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March 24, 2017

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How do you find all the polar coordinates of P=(-1, -2pi/3)? I've read that you're supposed to add 2pi to find the coterminals but when I do that I get different answers then in the book. The book answer is (1, 2pi/3+ (2n+ 1) pi) and (-1, -2pi/3+ 2npi). How in the world do you get those answers?

  • Precal - ,

    you are correct to say that by adding 2π , one rotation , we point ourselves in the same direction,
    how about 4π ? , or 6π or n(2π) where n is whole number?
    so now the 2nd of their answer should make sense they have simply added multiples of 2π to get
    (-1, -2π/3) = (-1, -2π/3 +2nπ)

    now look at their 1st answer.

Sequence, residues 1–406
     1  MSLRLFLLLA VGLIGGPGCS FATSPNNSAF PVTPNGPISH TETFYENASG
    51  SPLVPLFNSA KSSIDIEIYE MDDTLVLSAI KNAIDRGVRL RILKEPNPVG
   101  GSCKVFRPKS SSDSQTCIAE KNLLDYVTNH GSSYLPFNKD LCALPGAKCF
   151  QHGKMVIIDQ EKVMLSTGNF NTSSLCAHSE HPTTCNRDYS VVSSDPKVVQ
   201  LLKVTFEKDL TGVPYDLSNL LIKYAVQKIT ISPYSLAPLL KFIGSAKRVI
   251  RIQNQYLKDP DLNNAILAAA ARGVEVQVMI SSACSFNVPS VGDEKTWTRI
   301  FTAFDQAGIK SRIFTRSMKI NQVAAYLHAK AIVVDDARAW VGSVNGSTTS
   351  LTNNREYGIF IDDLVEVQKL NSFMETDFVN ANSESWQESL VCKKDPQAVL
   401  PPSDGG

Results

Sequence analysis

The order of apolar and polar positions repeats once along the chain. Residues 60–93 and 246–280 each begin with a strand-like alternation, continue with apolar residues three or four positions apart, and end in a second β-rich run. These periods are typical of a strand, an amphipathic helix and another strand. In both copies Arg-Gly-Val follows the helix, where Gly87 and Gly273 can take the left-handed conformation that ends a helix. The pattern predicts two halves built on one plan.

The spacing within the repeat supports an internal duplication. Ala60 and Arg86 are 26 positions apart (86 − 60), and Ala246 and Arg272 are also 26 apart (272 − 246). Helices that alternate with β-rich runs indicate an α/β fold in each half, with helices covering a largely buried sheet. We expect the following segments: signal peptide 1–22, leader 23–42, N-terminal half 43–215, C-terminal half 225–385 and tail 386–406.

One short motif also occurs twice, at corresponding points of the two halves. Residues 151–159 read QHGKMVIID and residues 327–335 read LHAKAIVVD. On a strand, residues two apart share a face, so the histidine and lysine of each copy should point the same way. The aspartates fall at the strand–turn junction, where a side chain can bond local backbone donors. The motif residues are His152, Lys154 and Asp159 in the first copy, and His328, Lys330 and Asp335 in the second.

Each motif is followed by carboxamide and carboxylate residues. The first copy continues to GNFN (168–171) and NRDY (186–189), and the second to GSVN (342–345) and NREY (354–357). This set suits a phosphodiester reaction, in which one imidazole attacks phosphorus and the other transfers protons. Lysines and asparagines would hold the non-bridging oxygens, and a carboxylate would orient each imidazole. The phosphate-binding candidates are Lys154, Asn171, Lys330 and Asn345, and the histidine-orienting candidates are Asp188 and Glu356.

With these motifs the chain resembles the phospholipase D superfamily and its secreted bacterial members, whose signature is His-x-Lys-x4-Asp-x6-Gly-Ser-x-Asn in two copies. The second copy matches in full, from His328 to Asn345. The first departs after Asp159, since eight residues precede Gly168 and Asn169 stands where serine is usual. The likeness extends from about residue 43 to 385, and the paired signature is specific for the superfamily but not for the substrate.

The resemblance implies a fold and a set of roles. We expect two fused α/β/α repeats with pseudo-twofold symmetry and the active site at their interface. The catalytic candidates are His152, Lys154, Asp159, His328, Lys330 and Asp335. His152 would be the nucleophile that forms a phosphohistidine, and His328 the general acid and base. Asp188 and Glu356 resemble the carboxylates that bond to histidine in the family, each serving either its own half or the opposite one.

Did you notice that the -1 changed to +1 ?
    That would have been a reversal of direction of 180° or π
    let n = 0
    we get (-1, -2π/3) ---> (+1, 2π/3 + π) or (1, 5π/3)
    let's look at this in degrees .....
    (-1, -120°) ---> (1, 120 + 180) = (1,300)

    At this point we should realize that their 1st answer cannot be correct, since we don't end up at the same endpoint.
    (-1, -120°) means: point yourself in the direction of -120
    but then go -1 unit, or go 1 unit in the OPPOSITE direction, so the simplest version of
    (-1,-120°) = (1,60°) or (1, π/3)

    To show it is wrong .....
    There has to be an integer value of n such that
    2π/3 + (2n+1)π = π/3
    2/3 + 2n+1 = 1/3
    2n = 4/3
    n = 2/3, but n has to be an integer.
    so they are wrong.

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